By Wilson A. Rivera, Fort Gordon Public AffairsNovember 16, 2012
FORT GORDON, Ga (Nov. 16, 2012) - Fort Gordon service members spent Veterans Day honoring those who've worn the nation's uniform in activities held Nov. 12 across the Central Savannah River Area.
Service members visited veterans at the Georgia War Veterans Home, where many of the residents gathered outside in the courtyard to hear guest speaker Maj. Gen. LaWarren V. Patterson, commanding general, U.S. Army Signal Center of Excellence and Fort Gordon.
"By these ceremonies, we help keep our sacrifices from being forgotten, despite the passage of time," Patterson said.
Patterson recounted the history of the American Soldier since 1776. He said veterans of World War II and Korea were known as the "Greatest Generation" because they were sent by their nation to end the spread of tyranny by fighting on the battlefields of Europe and Asia to destroy tyrants and preserve liberty for our allies and ourselves, he said.
During the conflicts in Korea and Vietnam, American Soldiers again spilled their blood and died to end the threat of communism and to preserve freedom. Later, as a new century dawned, the American Soldier was sent again to defeat an enemy that has struck the people's homeland.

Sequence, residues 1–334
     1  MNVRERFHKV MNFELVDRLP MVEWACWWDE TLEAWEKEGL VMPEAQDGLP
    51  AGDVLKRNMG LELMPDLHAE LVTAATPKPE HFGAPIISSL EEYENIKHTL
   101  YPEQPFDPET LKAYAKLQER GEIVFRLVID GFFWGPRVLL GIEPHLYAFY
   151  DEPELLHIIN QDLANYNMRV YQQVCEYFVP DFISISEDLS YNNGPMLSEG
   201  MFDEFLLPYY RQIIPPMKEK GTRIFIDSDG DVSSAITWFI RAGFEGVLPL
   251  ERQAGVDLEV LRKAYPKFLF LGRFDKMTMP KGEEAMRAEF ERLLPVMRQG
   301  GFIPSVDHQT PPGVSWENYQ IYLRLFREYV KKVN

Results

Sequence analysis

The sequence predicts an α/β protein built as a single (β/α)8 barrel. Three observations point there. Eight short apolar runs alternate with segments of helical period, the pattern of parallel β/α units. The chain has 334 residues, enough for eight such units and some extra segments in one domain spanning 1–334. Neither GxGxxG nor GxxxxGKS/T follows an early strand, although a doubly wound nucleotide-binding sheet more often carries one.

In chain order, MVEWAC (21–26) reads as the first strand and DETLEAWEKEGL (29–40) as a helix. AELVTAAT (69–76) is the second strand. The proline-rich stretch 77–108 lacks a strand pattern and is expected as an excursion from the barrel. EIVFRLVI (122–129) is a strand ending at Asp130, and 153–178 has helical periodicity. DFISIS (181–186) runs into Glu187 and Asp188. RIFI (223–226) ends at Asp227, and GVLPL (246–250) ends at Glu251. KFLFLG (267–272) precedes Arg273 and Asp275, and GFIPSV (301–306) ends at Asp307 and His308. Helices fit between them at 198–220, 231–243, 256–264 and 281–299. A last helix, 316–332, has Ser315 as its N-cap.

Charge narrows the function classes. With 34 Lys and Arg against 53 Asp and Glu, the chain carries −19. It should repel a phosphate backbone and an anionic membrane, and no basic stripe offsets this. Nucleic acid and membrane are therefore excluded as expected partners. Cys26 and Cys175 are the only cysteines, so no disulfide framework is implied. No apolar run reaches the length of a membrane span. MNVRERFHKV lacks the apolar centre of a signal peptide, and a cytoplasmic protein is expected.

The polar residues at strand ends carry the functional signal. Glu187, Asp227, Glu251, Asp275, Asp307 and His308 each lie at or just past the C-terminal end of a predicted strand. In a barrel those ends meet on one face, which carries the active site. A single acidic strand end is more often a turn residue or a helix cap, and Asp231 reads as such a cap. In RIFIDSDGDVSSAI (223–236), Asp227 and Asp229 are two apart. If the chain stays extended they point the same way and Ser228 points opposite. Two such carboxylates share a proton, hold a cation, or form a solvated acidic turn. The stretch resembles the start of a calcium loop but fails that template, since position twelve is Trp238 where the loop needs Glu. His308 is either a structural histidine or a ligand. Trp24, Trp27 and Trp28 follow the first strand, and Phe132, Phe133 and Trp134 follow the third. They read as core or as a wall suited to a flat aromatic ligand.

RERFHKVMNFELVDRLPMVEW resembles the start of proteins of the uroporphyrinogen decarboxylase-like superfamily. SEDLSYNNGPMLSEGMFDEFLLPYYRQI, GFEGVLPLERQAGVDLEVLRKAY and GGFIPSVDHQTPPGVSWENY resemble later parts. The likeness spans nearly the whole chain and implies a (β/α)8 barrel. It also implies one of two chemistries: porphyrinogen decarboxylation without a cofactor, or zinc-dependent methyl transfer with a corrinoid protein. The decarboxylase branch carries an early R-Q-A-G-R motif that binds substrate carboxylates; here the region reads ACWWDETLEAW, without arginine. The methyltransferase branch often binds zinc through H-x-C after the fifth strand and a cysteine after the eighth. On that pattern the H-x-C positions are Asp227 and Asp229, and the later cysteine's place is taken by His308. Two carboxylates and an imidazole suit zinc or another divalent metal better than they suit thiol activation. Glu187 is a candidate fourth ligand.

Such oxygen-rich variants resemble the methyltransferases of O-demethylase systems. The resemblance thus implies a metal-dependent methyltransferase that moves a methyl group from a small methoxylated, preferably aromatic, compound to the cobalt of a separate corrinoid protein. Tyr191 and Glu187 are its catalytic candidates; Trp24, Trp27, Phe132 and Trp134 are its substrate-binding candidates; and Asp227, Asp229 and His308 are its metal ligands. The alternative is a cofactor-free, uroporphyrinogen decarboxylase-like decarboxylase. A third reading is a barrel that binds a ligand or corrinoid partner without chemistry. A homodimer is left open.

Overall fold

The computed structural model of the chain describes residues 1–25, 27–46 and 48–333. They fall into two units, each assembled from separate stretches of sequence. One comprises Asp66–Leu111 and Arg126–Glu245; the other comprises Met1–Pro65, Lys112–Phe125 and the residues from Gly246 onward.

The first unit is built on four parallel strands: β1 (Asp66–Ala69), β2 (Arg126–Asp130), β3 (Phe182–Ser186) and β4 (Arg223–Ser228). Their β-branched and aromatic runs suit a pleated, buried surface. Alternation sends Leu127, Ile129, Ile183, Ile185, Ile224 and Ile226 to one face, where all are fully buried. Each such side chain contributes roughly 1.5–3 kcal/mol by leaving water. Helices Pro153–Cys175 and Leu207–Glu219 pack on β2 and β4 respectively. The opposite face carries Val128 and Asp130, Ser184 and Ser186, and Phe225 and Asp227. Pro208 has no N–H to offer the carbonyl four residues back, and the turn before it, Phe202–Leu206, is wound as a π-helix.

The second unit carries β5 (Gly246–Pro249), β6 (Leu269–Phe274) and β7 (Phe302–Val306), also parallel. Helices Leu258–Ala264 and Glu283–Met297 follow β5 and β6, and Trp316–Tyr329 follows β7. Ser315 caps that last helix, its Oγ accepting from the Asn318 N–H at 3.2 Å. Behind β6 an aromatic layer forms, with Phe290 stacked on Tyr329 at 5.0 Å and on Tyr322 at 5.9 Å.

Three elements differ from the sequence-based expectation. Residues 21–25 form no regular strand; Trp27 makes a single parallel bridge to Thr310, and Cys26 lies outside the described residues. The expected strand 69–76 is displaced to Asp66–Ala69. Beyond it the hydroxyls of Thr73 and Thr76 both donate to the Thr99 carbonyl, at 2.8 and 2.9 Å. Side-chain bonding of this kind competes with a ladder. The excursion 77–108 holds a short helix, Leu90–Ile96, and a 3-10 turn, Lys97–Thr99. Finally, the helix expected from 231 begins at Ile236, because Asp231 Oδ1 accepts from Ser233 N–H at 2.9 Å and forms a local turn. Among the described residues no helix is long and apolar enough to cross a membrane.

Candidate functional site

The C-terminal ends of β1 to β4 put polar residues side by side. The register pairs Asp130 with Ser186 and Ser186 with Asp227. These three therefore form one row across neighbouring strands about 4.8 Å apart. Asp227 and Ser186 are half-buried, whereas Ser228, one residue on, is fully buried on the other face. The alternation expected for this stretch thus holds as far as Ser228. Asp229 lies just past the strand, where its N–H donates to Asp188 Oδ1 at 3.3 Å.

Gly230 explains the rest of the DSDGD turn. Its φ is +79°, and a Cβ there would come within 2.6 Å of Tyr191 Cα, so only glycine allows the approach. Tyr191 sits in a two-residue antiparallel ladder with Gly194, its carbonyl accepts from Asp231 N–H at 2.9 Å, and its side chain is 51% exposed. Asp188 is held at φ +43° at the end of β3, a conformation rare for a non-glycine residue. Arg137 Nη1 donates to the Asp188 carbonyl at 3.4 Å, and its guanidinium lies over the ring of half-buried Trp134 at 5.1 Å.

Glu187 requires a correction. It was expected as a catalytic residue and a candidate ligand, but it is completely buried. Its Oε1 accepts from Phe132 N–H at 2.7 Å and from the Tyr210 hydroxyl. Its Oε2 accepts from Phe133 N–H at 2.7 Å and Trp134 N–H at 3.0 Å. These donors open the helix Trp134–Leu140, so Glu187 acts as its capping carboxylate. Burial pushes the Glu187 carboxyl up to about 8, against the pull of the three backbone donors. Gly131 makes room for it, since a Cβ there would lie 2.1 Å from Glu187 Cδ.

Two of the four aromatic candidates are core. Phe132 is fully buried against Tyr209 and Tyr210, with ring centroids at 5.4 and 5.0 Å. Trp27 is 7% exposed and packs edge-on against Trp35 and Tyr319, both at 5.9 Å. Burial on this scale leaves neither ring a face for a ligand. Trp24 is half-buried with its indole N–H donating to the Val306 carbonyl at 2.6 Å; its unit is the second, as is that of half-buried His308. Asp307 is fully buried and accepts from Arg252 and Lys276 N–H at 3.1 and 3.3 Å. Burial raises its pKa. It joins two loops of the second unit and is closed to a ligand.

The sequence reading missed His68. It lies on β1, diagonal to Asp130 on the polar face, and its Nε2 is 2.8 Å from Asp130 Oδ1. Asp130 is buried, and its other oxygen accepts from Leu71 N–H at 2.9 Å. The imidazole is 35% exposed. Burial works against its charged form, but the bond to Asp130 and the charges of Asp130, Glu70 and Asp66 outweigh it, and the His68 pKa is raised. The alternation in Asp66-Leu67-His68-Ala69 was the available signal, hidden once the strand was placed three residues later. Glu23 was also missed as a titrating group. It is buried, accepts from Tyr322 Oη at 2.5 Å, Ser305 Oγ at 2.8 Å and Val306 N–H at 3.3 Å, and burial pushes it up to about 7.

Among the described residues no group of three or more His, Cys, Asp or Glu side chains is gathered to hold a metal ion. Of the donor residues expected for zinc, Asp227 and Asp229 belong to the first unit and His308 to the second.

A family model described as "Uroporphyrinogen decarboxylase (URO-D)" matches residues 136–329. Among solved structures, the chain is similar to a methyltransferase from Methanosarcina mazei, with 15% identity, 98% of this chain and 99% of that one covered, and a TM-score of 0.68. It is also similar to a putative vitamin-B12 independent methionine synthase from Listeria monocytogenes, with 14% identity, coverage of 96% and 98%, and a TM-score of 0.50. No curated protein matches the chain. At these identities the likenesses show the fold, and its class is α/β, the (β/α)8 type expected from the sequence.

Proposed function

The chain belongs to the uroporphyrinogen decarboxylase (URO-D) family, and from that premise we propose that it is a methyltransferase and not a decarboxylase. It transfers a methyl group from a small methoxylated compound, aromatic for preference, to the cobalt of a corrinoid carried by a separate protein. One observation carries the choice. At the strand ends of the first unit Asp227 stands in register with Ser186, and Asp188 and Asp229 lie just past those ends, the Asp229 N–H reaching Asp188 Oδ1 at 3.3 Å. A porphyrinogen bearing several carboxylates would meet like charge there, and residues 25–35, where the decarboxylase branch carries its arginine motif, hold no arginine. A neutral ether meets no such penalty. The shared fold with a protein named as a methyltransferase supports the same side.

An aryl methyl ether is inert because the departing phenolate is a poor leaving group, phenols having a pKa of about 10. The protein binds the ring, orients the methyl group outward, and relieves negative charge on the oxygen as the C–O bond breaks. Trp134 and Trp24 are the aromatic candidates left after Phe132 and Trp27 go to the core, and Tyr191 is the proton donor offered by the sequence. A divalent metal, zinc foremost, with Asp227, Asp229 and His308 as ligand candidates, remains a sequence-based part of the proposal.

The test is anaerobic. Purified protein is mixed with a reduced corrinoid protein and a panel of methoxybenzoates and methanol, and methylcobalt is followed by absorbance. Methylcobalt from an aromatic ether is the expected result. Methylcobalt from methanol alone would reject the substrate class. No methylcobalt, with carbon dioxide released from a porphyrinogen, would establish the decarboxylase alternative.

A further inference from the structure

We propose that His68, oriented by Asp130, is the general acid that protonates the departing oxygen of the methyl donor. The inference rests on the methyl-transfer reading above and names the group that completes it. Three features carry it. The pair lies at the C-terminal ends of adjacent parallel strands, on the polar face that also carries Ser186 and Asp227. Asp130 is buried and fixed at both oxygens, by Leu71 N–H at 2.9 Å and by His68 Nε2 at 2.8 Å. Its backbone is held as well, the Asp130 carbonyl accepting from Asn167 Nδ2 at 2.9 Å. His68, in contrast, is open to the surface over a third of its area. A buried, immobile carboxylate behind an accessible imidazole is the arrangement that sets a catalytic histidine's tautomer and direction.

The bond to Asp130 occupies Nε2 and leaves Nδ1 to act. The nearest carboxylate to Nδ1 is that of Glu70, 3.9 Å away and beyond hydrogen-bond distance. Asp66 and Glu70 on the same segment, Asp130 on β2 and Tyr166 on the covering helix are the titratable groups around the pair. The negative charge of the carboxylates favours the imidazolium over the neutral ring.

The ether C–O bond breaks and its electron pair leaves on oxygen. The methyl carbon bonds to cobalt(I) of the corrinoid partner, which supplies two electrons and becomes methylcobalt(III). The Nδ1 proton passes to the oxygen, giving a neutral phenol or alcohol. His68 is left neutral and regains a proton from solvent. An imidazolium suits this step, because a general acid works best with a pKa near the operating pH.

"It changed our nation forever," Patterson said. "Our sons and daughters are on their way home from Afghanistan, and someday soon this global war on terrorism will end. But, as history has taught us, this will not be the last time the noble American Soldier will fight and die for this country."
Patterson was also the grand marshal for the annual Veterans Day Parade on Broad Street in Augusta. He and Command Sgt. Maj. Ronald. S. Pflieger, U.S. Army Signal Center of Excellence and Fort Gordon regimental command sergeant major, greeted people along the sides of the streets and shook hands with other veterans.
"The uniform has changed many times in the past 237 years," he said. "What has not changed is the determination and strength of the men and women who serve this nation. Every one of our Soldiers, veterans, families, deserves to be applauded for strength, devotion, and service to this nation."
"A Soldier is a Soldier for life. It takes a profound strength to wear this nations uniform," he said. "One day they remove the uniform; no amount of time, nor strife, can sever the golden thread uniting these veterans, to everyone, or those who will wear it in the future."
The parade concluded with the start of the All Wars Monument ceremony. Later, the U.S. Army Signal Corps Band took part in a musical ceremony at Heroes' Overlook on 10th Street at the Riverwalk in downtown.